Bending stiffness of stress-laminated timber decks with butt joints

J. F. Davalos, D. A. Kish, M. P. Wolcott

Research output: Contribution to journalArticlepeer-review

7 Scopus citations


Stress-laminated timber bridge decks consist of lumber assemblies transversely posttensioned with high-strength steel bars. The lumber components contain end-to-end butt joints to span the length of the bridge. At any cross section of the bridge, the joints are placed in a regular pattern, with one butt joint in a group of three to five laminae. The presence of butt joints in a bridge deck reduces its longitudinal bending stiffness. Since stress-laminated timber bridge decks are modeled as orthotropic plates, the actual system stiffness properties are needed in the analysis. This paper presents an analytical-experimental study to verify existing bending stiffness reduction factors for decks with regular butt-joint patterns. Forty northern red oak and hickory stress-laminated beams with three butt joint patterns and subjected to three transverse stress levels are tested in bending, and the experimental responses are correlated with existing theoretical predictions using linear regression analysis. Design recommendations are presented.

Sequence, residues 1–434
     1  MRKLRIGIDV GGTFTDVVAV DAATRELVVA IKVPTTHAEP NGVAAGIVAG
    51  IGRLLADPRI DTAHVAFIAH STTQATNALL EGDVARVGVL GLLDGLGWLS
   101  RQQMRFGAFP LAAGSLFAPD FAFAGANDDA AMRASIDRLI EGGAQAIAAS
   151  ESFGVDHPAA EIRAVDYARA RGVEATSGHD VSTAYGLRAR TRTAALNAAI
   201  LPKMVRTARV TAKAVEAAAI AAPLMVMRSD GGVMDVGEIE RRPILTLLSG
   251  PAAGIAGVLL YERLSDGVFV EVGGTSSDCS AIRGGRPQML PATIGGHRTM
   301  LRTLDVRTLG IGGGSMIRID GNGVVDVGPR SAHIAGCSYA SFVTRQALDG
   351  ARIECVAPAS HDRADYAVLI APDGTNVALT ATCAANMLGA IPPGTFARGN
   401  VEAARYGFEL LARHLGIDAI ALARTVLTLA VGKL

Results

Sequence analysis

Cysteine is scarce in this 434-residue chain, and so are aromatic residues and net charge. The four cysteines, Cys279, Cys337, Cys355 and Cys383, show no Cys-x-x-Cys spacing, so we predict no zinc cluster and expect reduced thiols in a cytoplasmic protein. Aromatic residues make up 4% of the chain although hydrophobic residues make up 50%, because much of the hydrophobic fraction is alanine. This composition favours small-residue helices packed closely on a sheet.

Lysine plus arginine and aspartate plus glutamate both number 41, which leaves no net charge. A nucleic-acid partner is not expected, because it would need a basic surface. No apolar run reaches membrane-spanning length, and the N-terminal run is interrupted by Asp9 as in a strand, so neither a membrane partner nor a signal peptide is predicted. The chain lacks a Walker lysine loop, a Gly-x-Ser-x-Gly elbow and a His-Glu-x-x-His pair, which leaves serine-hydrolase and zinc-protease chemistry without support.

Original languageEnglish (US)
Pages (from-to)1670-1676
Number of pages7
JournalJournal of Structural Engineering (United States)
Issue number5
StatePublished - May 1993

All Science Journal Classification (ASJC) codes

  • Civil and Structural Engineering
  • Building and Construction
  • Materials Science(all)
  • Mechanics of Materials
  • Mechanical Engineering


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